7. Take a rugged ride to a remote Mine
Getting to Nuccaleena is half the fun on a rugged 4WD track north of Parachilna Gorge. One of the most remote mines in the Flinders, the chimney and parts of some buildings are all that’s left – above ground, anyway! Luckily the old mine shaft in the side of the hill is fenced off where it drops away.
The Sliding Rock Mine at Warraweena, about 22 km down a rugged rocky road from nearly-ghost-town Beltana is full of more ruins. They’re both interesting places to explore, so pack a picnic and make a day of it.
8. Walk into a Crater
From the air, it’s easy to see how big the 8 km wide and 17 km long Wilpena Pound crater is, but if your budget doesn’t spring to a helicopter or airplane flight, check it out at ground level. Book the Wilpena resort shuttle bus to reduce the distance and take the easy walking trail through Hills Homestead to Wangara Lookout for views across the Pound.
You can also take the Bridle Gap trail into the Pound, walk along the floor and up the other side to a lookout. But be warned! It’s a LONG hike – even longer if you didn’t book the shuttle bus to and from the trailhead.
9. Go Wildlife Watching
Grab a Flinders Ranges bird and wildlife checklist from the Visitor Information Centre (or download it from the South Australia National Parks website) and see how many different birds and animals you can spot. Double points if you see the endangered Yellow-footed Rock-wallaby – often sighted at Brachina and Wilkawillina Gorges.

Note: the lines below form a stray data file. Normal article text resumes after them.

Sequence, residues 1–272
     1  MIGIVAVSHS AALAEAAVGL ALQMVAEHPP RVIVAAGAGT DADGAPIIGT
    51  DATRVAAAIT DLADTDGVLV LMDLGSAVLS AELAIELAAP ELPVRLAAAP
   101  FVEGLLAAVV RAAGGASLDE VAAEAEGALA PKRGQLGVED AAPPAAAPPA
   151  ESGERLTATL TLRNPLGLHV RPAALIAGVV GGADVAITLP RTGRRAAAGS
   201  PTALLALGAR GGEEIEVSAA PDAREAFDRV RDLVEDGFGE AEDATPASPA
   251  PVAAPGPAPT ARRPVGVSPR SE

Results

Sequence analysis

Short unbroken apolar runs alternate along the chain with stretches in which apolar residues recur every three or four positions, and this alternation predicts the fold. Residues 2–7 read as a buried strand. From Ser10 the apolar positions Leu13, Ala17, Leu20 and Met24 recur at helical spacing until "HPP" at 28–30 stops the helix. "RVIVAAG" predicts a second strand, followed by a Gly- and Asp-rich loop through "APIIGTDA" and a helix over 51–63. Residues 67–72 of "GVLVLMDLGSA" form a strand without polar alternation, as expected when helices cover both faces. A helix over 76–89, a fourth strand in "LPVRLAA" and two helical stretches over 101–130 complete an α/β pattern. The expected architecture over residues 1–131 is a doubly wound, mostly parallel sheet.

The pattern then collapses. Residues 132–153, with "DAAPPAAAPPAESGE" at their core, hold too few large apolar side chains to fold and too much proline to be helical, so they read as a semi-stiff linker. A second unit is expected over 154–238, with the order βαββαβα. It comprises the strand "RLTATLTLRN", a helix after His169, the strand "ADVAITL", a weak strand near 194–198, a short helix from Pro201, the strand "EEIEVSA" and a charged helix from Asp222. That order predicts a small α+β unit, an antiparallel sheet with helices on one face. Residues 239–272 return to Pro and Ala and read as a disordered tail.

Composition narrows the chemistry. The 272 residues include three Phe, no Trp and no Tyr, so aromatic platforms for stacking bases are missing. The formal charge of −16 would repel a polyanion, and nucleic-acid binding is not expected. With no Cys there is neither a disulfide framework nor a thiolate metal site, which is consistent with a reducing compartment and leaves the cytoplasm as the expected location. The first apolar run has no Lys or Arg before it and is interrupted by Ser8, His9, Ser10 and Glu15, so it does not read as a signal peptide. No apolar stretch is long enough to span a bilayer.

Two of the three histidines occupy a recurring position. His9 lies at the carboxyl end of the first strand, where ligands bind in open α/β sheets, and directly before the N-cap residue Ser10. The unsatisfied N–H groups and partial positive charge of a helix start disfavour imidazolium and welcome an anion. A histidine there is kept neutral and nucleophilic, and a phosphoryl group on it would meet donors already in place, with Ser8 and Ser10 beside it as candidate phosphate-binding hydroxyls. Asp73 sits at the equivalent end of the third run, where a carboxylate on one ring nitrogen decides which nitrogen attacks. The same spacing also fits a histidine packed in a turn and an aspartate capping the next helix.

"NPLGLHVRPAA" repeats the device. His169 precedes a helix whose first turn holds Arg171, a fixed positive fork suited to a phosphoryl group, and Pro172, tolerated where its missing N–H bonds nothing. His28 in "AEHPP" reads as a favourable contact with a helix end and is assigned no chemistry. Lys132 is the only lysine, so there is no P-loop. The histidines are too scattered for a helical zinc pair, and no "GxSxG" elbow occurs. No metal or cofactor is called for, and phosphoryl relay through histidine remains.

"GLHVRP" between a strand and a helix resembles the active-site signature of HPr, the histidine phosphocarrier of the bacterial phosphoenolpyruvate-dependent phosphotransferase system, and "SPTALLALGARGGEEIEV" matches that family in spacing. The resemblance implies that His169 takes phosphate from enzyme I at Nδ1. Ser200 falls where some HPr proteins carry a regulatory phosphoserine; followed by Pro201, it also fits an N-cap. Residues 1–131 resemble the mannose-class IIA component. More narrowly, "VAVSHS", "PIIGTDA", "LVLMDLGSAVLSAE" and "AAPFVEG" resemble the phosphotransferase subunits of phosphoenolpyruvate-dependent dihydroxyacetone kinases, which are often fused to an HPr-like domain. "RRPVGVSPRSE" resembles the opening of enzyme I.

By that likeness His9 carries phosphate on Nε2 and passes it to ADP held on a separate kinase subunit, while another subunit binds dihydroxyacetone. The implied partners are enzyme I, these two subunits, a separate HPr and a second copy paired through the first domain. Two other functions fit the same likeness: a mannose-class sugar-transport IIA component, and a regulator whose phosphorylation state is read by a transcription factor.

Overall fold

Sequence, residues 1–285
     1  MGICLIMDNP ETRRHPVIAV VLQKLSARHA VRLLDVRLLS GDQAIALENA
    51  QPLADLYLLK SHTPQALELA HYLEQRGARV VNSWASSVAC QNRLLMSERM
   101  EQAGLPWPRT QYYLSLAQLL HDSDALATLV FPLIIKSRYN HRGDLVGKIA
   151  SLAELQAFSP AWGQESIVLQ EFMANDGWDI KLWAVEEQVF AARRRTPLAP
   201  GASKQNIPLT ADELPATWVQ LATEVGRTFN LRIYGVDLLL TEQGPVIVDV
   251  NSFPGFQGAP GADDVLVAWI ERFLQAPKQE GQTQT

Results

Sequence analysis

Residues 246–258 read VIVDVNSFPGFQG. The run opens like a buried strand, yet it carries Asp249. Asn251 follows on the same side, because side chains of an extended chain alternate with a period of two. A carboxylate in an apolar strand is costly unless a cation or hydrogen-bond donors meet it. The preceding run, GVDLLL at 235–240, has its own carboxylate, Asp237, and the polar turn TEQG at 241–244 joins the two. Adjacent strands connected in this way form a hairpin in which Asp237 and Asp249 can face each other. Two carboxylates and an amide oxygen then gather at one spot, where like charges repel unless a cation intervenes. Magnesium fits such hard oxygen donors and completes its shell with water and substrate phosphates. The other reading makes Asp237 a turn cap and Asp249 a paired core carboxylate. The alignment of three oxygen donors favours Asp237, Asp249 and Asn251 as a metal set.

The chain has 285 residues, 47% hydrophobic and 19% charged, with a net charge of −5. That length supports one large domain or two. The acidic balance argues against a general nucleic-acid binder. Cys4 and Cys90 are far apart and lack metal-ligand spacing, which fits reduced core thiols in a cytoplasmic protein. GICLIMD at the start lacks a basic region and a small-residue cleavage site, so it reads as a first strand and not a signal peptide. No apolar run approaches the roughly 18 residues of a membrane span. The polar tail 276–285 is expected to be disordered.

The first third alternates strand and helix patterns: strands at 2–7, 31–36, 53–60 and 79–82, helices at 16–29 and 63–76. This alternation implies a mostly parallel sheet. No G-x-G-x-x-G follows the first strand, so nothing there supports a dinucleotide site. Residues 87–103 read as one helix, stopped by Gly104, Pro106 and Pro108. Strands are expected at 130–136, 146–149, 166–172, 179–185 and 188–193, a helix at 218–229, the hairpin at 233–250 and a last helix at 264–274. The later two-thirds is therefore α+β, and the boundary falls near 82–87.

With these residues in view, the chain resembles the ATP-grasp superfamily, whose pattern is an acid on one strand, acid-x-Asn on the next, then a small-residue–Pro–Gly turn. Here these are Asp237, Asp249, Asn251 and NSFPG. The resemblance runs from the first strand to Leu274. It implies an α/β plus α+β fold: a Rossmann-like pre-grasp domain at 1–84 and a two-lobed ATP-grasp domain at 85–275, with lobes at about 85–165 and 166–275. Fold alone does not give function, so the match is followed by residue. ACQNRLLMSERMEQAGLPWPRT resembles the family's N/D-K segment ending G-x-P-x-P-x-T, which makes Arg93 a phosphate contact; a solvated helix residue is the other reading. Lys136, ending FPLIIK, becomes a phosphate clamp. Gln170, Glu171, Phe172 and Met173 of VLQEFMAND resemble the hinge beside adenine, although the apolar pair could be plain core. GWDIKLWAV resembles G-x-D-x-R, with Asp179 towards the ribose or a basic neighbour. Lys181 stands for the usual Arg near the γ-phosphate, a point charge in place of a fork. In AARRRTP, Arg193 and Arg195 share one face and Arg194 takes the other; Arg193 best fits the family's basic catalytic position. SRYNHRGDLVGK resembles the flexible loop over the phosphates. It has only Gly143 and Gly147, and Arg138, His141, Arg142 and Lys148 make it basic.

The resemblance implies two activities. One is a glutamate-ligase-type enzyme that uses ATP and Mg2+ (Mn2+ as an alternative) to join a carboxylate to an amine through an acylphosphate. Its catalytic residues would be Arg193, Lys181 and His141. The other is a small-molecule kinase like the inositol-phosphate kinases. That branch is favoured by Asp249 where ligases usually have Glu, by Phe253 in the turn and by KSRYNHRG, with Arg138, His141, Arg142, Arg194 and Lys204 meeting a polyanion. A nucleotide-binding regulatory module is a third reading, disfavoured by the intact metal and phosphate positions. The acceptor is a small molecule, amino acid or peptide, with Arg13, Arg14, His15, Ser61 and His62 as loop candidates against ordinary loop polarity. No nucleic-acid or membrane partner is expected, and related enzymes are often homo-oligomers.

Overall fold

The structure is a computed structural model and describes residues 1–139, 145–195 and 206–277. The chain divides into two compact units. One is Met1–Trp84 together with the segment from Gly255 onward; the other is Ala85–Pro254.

Not so keen on wildlife? Come in spring and look for wildflowers instead.
10. Stay somewhere awesome!
The campsites scattered throughout the Flinders Ranges National Park have it all – walking trails, rocky gorges and riverbeds, and spectacular scenery, with wildlife dropping in from time to time.
If you’re looking for Flinders Ranges accommodation, a truly unique spot is the old tuberculosis sanatorium – that’s what Angorichina Village used to be, and it’s a great base from which to explore the northern Flinders.
11. Go Scenic Loo Spotting!
Yes, I know I said 10 – but here’s another total freebie! Exploring the wonderful natural attractions of the Flinders Ranges is great fun – but what do you do when nature calls in a different way? Find your nearest public loo, and chances are good it’ll be in a fabulously scenic spot! Turn the kids into ‘Dunny Detectives’ and see how many they can find 😀
Flinders Ranges Fast Facts:
WHERE: Head north from Adelaide and it’s 335 km to Quorn (Southern End), 440 km to Wilpena (Central Flinders) and 508 km to Blinman (Northern Flinders).
WHEN: The best time to go is from April to October. Temperatures from November to March can range from 30º – 45º C (86-113 F) and many attractions are closed.
DRIVING: Self-drive is the easiest way to get around, but note that you’ll need 4WD or high clearance for some roads and trails. Please check road conditions and the suitability of your vehicle before you drive.
FACILITIES: Meals, groceries and other supplies are available in towns and in smaller centres such as Wilpena Pound Resort, Rawnsley Park Station, Blinman and Angorichina Tourist Village. Fuel is available at Quorn, Hawker, Wilpena Pound, Angorichina Tourist Village and Parachilna.
About the Author
Marion Halliday is an Aussie traveller, blogger and author of quirky travel book “Aussie Loos With Views!”. She loves hitting the road to explore and photograph Australia’s fabulous natural attractions and discover new holiday destinations – all the better if they’ve got something quirky, a great bakery and an awesome scenic loo! Read more about the Flinders Ranges and a lot of other great Aussie travels on her blog Australia by Red Nomad OZ.